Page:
The first spot I always try to pay down at is at the tight end position. Having watched Steelers games recently, and knowing how they used Ladarius Green at the TE position last year, I plugged in McDonald who is the far superior athlete to Jesse James. McDonald had scored 9.6 points against the Ravens two weeks prior, and then got injured in the second quarter of that same game – prohibiting further fantasy production. McDonald also had a designed touchdown called back due to a holding penalty in that same game, which caused for even greater promise moving forward. Next, I had Zach Ertz, who had the benefit of playing an awful Oakland secondary at home, as well as much lower ownership than usual with Nick Foles at the helm. Having around $22,000 left in salary at this point, it was time to examine the 4 defenses that were on the board.

With the Eagles and the Steelers both in supreme matchups, and the other two options listed statistically as two of the worst in the league, I knew that D/ST was not a spot where it would be possible to pay down. With that said, I didn’t hesitate to plug in the Eagles. Having about $19,000 left and 4 more positions to fill, I looked at the remaining running backs. With all options sitting at similar prices, I didn’t like the prospect of playing Marshawn Lynch on the road, as I knew he had a date with one of the best run defenses in the league with a very limited role catching passes out of the backfield. I also wasn’t very high on Lamar Miller, who had lost a lot of touches and goal line work to Alfred Blue. Jay Ajayi was getting limited work – as he was one of three running backs that the Eagles were consistently deploying – while surrendering a lot of the goal line work and snaps to the other two backs. All factors considered, I decided to go with the cheaper alternative: Alfred Blue, who as I mentioned previously, played around 40% of the snaps and ate up all of Lamar Miller’s goal line work. This turned out to be a great play, as the Steelers (since losing Ryan Shazier) had given up more rushing touchdowns than they had through the air.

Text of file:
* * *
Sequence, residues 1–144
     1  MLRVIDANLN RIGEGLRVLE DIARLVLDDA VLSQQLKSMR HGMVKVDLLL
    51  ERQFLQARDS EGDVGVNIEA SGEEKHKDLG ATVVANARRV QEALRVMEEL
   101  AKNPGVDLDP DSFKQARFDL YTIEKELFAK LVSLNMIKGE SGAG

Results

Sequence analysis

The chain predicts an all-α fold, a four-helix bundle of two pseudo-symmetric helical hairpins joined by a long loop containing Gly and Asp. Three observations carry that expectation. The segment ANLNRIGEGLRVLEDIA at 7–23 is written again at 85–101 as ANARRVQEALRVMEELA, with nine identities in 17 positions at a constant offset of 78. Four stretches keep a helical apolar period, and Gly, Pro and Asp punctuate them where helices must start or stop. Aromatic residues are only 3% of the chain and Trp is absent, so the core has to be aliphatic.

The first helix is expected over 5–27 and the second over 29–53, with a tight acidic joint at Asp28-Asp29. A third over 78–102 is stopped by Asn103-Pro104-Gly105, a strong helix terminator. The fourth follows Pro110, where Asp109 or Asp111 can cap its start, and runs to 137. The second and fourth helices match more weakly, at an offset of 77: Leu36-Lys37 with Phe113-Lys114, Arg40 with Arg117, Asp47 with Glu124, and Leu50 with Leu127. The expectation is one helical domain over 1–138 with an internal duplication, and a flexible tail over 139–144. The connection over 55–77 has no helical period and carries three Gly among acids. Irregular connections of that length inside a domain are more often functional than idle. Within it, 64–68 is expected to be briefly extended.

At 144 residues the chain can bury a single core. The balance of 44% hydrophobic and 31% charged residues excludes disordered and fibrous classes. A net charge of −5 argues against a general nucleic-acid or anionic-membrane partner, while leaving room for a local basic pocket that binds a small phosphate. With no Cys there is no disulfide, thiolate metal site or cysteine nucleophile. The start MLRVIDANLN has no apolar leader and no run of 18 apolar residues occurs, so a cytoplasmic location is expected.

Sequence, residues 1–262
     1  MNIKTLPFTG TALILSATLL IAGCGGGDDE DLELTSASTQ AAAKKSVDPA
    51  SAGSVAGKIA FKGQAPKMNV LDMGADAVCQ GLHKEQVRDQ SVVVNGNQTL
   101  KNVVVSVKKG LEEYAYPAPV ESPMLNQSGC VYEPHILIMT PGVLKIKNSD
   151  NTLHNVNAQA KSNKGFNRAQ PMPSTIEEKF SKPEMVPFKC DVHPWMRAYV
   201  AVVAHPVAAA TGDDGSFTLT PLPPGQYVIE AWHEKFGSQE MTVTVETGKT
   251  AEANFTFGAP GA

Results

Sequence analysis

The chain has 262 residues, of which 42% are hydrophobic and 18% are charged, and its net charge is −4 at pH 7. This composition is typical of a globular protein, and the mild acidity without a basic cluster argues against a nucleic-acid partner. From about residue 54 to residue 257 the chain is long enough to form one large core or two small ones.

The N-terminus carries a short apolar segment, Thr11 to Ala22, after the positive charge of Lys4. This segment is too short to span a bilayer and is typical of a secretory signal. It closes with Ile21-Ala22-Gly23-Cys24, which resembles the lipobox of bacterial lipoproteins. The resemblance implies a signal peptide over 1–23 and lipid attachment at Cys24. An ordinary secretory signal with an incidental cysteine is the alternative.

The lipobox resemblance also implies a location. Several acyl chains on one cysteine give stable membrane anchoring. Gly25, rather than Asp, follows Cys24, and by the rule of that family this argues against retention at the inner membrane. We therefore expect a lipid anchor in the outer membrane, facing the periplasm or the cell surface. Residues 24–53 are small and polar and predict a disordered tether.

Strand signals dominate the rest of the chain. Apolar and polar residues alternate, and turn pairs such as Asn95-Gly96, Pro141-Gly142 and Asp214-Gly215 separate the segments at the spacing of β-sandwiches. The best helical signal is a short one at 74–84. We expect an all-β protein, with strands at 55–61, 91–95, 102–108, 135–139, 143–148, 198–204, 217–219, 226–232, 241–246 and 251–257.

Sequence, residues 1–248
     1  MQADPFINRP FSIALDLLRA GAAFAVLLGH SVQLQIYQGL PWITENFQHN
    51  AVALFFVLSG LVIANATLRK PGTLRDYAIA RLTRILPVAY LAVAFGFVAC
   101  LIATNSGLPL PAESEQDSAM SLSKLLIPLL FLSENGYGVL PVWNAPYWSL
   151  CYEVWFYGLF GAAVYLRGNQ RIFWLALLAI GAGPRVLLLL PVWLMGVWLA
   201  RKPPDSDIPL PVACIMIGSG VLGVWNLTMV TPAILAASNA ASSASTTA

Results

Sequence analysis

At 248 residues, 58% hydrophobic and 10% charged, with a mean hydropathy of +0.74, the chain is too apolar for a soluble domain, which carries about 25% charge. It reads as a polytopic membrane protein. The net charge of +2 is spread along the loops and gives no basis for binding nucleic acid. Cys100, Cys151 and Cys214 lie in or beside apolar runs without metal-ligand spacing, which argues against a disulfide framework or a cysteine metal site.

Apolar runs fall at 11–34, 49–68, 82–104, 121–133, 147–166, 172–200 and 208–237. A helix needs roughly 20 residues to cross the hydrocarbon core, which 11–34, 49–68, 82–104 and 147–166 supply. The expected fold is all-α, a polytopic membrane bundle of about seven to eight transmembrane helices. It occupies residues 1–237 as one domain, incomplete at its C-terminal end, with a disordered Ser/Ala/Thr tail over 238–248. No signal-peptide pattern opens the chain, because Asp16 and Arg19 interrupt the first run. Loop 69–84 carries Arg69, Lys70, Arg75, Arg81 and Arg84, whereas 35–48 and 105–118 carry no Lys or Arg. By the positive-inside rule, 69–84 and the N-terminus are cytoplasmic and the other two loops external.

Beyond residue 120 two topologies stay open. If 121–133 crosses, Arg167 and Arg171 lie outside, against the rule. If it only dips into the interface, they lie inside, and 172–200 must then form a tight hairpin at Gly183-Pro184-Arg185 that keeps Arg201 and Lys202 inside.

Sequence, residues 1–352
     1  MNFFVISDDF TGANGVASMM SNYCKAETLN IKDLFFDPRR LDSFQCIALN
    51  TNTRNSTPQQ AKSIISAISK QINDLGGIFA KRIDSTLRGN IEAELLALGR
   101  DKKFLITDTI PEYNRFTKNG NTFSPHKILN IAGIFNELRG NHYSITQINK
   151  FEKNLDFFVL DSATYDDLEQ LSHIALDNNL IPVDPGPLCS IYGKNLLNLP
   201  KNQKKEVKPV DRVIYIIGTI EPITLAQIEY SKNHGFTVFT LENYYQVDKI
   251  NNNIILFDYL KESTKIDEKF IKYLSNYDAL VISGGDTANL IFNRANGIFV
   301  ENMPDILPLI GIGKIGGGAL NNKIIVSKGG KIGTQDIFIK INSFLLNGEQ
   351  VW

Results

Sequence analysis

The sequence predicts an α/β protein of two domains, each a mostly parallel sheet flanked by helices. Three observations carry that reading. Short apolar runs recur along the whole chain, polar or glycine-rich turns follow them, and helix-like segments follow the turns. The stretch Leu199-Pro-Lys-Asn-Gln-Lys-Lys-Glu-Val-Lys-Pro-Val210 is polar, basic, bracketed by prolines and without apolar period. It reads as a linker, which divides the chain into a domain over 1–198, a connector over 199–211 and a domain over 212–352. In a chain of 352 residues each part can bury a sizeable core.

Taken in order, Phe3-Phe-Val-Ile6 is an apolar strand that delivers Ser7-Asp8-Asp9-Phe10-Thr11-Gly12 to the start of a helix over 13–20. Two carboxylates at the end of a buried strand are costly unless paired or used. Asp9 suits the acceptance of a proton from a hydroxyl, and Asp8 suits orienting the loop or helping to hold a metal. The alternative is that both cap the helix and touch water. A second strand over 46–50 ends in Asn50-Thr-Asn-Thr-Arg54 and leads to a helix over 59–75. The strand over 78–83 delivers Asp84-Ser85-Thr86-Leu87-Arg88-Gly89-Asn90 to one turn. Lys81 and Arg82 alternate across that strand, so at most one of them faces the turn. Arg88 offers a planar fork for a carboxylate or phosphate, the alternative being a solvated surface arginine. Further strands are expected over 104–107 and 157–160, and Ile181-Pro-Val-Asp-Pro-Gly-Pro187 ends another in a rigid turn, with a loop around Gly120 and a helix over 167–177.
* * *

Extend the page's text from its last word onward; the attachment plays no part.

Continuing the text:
With a last glance at my roster, I realized that I had no Eagles players except slated except for their D/ST. Expecting them to put up at least a couple of touchdowns, I decided to look at the skill player matchups for the Eagles. With the Raiders limiting slot wide receivers all year, and their big physical CBs matching up well against strong outside receivers, I had no interest in either Agholor, or Jeffery. That left Zach Ertz and speedy outside receiver Torrey Smith, who had both projected very well against the Raiders. That left me with enough money to pay up for Big Ben, whom I did not see as a must play at the time, but was the most secure QB play on the slate by far.

With the playoffs ongoing, and Oaktown’s recent piece on short slates, I want to share and suggest some of the methodology that I used to take down this contest:

Filter out “must-plays” by workload and opportunity.

Hopkins, Bell and JuJu figured to have a much bigger workload, more valuable touches, and absolutely no dependency on game script. Behind each of these plays there was a huge drop off in opportunity, which made it impossible to fade any of them.

Find value plays with an up-trend in opportunity and a profitable matchup.

McDonald and Blue were both cheap plays in favorable matchups who saw an uptick in usage over the previous weeks and were primed to explode.

Round up your lineup!

For the last part, the round up, you need to have an idea about what you think is going to be each team’s final score, and make sure that you cover most of your grounds. By expecting the Eagles to score at least a couple of touchdowns, and not having any Eagles in my lineup, I rounded out my roster with both a huge red zone threat, and a deep threat in Torrey Smith to increase my equity in one of those TDs.

I hope that this analysis was helpful, and that you gained a little more insight into my process for cashing in single entry contests. As always, make sure you to follow the DailyPlayAction to receive the know-how necessary to cash, and if you follow my roster construction rules, I’m sure we will see each other atop of the leaderboards in no time!